January 10th 2004

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Articles from this issue:

COVER STORY: Daniel Mannix: the man and his legacy

EDITORIAL: Battle lines drawn for 2004

The Price of Freedom : its contemporary relevance

COMMENT: Faith and the elite agenda

Australian culture wars: losing the argument?

COMMENT: Solving the Policy Nuts Industry Crisis in a few minutes

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Battle lines drawn for 2004

by Peter Westmore

News Weekly, January 10, 2004
Last month, Federal Labor Parliamentarians, dismayed by the inability of Simon Crean to match John Howard, decided to gamble on a new-look Labor leadership, electing Mark Latham to lead the party into the next Federal Election.

Since then, Mr Latham has spelt out, in a number of interviews, the general policy direction on which he intends to run in 2004.

His agenda includes a new emphasis on environment issues, gay rights, and the republic - targeted at disgruntled Labor voters - and the "old" issues of health and education, which Simon Crean had run for the past two years, but which had been largely neutralised by the passage of reforms in both Medicare and tertiary funding.

Specifically, Mark Latham says he will put environmental policies - including ratification of the Kyoto Protocol, further controls on logging in state forests, and extension of national parks (such as the former defence and quarantine facilities at Point Nepean, in Victoria) - back onto the national agenda.

All these are symbolic issues, dear to the hearts of the Left, but arguably seriously mistaken on both practical and environmental grounds.

No warming trend

For example, despite self-serving reports which purport to "prove" that increased greenhouse gases are causing rising temperature levels on the earth's surface, the scientific evidence shows no continuous warming trend since the beginning of the Industrial Revolution.

In any case, the Kyoto Protocol, which is supposed to cut the world's greenhouse gas emissions, will do no such thing. For one thing, it does not apply to the developing world, including fast growing nations such as China and India.

Additionally, its terms have been explicitly rejected by the United States and Russia. Only Western Europe, Canada, and a few other countries will be bound by it, making it virtually useless.

Another new issue which Mark Latham has flagged include a commitment to gay rights, which includes not only access to partner's superannuation, but also presumably support for gay marriages and adoption rights for gay couples.

Again, Mr Latham is attacking a myth. There is no discrimination against homosexuals in Australia today.

However, it is important to understand that the institution of marriage, by law and custom, involves a man and a woman, primarily because the institution is designed to provide stability for the family and protection for their children.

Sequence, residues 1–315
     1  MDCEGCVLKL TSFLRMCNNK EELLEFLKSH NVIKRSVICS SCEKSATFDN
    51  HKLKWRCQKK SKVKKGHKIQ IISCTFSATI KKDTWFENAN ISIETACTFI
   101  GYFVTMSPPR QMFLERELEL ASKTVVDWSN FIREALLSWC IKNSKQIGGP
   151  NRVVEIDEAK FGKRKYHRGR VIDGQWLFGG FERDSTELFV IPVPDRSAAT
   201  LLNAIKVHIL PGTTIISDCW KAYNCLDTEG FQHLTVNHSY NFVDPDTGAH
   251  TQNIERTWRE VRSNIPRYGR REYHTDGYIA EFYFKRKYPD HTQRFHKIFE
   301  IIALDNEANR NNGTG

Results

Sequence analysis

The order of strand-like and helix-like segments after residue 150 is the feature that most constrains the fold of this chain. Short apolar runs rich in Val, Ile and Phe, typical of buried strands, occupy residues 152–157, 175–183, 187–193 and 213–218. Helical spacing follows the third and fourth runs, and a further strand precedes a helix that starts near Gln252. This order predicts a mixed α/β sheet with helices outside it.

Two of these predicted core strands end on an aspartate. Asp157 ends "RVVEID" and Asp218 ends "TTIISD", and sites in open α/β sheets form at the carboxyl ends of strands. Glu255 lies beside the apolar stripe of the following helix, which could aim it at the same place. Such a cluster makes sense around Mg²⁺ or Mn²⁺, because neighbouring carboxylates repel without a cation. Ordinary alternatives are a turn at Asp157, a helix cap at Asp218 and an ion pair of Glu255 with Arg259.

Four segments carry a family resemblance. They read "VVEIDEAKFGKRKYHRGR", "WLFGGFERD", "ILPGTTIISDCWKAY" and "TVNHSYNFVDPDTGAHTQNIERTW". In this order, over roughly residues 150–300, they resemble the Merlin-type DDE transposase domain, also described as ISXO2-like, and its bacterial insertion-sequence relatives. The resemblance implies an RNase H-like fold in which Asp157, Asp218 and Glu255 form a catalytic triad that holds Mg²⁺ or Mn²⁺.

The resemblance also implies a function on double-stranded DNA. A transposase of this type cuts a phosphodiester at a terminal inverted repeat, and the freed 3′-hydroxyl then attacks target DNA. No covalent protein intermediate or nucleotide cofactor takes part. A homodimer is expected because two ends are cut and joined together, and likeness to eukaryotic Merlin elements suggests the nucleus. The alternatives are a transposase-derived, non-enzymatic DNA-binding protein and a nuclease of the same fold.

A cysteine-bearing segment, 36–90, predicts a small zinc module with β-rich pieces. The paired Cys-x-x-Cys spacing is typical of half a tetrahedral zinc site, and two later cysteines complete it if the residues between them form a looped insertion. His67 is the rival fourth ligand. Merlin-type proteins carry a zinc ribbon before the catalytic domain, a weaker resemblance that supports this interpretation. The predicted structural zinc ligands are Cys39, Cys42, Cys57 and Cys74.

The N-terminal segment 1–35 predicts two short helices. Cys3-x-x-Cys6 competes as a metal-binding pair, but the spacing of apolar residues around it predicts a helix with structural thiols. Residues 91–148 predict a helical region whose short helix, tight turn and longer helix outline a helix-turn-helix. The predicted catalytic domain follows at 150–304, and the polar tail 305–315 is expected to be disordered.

To the extent that de factos are treated similarly to those who have married, it is because the law is designed to protect women who provide domestic service and to protect children born in such informal relationships.

The law says nothing about other types of domestic arrangements.

Mark Latham's promise to reopen the republic issue, made on ABC radio last month, is basically a rerun of the plan unveiled by Paul Keating in the early 1990s.

This culminated in a historic vote in 1999, when people in every state rejected a "politicians' republic", where the Australian President would have been appointed by a committee appointed by Parliament.

In order to overcome the people's rejection of a politicians' republic, Mr Latham proposes to change the process. Under his proposal, people will first vote in a "plebiscite" - a non-binding referendum - on whether they want a republic or not.

An affirmative vote would then be followed by a further plebiscite on possible models, followed - says Mr Latham - by a full referendum on the preferred model.

His plan is designed to split the alliance which prevented the adoption of a republic in the referendum conducted in 1999: between those supported the status quo, in which the head of State is the Governor-General, and those who wanted a directly-elected President.

More fundamentally, however, Mark Latham fails to address the central argument raised by Professor David Flint in The Twilight of the Elites, that Australia is already a constitutional democracy, whose head of state is appointed for a term of office by the Government of the day.

Any alternative, Professor Flint points out, will radically change the power structure in Australia, with consequences which threaten stable government in Australia.

Yet it is undoubtedly true that the Howard Government can be defeated.

While Mr Howard might be tempted to rely on the Government's capacity to distribute some of its huge budget surplus before an election, it should keep in mind that Australia's current prosperity has been procured largely by foreign borrowing, leaving Australia with a mounting foreign debt and increasingly at the mercy of foreign lenders.

If, or when, they lose confidence in the Australian economy, much of the foreign capital which has provided the economic foundation of the Government's vaunted economic success could disappear, almost overnight.

It is hard to imagine any Government surviving that kind of shock.

  • Peter Westmore is President of the National Civic Council

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